Sandro Oliva‘s cover of FZ’s “Watermelon In Easter Hay” (one of the very best covers of that particular song I’ve heard, I might add) from the above clip is from the 2005 4CD private release, “NEVER COVERED” (for family and friends).
Long before making “NEVER COVERED” I recorded “LOVES OF MY LIFE”, a collection of FZ songs sang in Italian, along with a few instrumentals.
This is one of them.
The project has never been put out for copyright reasons, but I still have fun listening to “BROWN SHOES DON’T MAKE IT”, “JOE’S GARAGE/PEE”, “HELP I’M A ROCK”, “GO CRY..”, “CAMARILLO BRILLO” and “TURNING AGAIN”, the Italian Way!
I’m sure Frank would have appreciated it.
Unfortunally he got ill and after that more shit happened, so that I never asked the ZFT permission for releasing the italian translations.
Oh, well… maybe now that I’m not a Grandmother anymore…
But no, never mind.
I’m too busy with MY OWN MUSIC!!
Sandro Oliva – Guitar, Bass, Electric Sitar, Keyboards, Percussion, Sequencing.
Since Jimmy Carl Black‘s passing, I have had the great opportunity to listen to much of the man’s post-Mothers of Invention recordings. Agree with me or not, JCB was a very unique musician in his own right. Many of his talents, I fear, were unfairly overlooked by a Frank Zappa wishing to distance himself from the original Mothers. Whether they are blues standards, or eclectic cover versions of Mothers of Invention or Zappa songs, JCB stamped them with his own unique identity. Along the way, he played with some of the greatest musicians you’ve probably never heard of (yet should). Now’s your chance (for at least a taste). Continue reading “When Do We Get Paid? – Jimmy Carl Black”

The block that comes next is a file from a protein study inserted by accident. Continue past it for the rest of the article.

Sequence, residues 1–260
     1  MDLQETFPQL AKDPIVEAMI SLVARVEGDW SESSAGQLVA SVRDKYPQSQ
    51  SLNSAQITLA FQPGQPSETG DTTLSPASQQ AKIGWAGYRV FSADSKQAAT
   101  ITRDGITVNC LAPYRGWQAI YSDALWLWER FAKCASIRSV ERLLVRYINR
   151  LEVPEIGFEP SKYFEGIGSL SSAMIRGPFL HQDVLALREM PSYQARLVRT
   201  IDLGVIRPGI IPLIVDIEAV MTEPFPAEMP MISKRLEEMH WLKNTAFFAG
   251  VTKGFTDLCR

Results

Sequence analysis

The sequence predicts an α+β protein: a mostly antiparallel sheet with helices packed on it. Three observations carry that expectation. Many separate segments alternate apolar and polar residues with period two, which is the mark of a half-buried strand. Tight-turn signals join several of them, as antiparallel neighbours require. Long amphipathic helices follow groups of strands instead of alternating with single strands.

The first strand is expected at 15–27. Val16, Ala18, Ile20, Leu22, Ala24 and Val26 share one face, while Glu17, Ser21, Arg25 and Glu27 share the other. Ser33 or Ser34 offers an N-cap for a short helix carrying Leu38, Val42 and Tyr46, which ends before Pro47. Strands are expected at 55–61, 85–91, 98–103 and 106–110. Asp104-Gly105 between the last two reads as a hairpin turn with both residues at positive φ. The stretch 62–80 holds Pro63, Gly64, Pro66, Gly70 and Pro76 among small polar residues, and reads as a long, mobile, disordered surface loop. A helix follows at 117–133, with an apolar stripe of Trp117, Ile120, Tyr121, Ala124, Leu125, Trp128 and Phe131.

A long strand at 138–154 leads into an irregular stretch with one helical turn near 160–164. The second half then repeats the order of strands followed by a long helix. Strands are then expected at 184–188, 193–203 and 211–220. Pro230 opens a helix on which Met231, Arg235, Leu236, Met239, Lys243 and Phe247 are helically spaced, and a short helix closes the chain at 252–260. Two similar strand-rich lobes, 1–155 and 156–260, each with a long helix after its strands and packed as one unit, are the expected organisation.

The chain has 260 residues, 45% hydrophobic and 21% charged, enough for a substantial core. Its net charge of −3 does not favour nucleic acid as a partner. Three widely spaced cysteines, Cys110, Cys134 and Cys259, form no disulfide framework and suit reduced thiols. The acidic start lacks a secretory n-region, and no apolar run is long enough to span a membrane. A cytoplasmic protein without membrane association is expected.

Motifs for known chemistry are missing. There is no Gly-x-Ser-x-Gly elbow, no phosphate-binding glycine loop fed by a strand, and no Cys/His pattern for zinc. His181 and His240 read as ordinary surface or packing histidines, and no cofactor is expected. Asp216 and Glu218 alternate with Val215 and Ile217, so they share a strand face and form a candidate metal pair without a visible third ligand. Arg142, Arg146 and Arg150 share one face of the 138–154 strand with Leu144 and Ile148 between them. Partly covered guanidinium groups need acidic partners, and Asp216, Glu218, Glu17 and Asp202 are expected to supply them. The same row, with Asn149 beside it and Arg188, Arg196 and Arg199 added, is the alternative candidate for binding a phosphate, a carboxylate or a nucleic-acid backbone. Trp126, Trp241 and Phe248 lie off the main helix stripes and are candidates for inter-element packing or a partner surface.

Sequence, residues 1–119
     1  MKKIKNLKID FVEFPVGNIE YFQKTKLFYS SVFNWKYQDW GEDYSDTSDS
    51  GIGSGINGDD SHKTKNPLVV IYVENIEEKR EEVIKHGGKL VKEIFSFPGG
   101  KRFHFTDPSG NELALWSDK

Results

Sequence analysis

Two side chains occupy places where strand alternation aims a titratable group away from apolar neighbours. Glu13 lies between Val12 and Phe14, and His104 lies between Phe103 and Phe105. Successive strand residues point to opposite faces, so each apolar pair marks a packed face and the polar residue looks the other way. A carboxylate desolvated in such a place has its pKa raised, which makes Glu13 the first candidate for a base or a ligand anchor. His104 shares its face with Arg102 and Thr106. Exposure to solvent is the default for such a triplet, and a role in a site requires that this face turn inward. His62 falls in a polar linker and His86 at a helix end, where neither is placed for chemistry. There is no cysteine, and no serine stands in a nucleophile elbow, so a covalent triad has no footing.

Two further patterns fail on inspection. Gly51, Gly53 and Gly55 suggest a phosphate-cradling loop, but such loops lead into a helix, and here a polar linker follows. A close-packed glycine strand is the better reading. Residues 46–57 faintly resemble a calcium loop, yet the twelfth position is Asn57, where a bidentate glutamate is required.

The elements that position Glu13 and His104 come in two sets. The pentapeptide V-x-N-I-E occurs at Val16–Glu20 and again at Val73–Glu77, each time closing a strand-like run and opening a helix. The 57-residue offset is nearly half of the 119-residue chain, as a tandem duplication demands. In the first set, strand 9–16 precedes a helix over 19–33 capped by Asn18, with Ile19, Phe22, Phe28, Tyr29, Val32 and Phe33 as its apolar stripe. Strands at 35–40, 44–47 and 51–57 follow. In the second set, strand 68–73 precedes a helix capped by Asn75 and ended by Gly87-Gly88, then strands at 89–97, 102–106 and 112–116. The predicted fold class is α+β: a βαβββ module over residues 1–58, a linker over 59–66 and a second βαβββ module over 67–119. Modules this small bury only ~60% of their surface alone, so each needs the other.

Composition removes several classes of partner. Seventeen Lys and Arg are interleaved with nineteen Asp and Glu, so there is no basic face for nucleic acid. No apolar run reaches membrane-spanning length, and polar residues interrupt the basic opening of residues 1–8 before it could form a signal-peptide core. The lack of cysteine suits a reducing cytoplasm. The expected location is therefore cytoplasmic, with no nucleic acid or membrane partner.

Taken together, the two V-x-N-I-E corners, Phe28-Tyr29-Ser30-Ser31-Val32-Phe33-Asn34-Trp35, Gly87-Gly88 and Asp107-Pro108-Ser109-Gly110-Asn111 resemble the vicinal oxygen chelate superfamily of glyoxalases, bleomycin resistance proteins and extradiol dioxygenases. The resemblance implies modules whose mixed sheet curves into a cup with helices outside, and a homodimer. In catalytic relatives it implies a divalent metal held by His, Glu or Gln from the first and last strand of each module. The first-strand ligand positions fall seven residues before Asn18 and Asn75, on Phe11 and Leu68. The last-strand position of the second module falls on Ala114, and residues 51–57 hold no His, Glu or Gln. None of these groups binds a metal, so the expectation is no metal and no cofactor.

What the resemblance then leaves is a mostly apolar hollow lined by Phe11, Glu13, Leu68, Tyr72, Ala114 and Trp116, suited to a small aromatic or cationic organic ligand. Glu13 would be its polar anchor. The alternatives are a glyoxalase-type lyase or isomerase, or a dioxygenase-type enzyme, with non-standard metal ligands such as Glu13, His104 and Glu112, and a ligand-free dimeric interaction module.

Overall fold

It was a year ago today (well, okay, a year and a month less two days)…
Born in El Paso, Texas, of Cheyenne heritage, Jimmy Carl Black‘s trademark line, “Hi Boys and Girls, I’m Jimmy Carl Black, and I’m the Indian of the group” followed him throughout his music career. On several Mothers albums he was credited as playing “drums, vocals, and poverty”. The last credit, “poverty” seemed to follow Black’s career as it did many bluesmen of his day like a curse. Continue reading “The Indian of the Group – Jimmy Carl Black”
I have always been intrigued by the D.I.Y. (Do It Yourself) ethic among bands who cover and interpret Zappa’s music. True, few of these acts have any hope of actually being signed by today’s youth driven music business. In many cases, Demo CDs are given away free of charge through websites, or produced in limited runs by independent labels. In either case, it’s often up to the fan to track down these CDs and order them (if possible).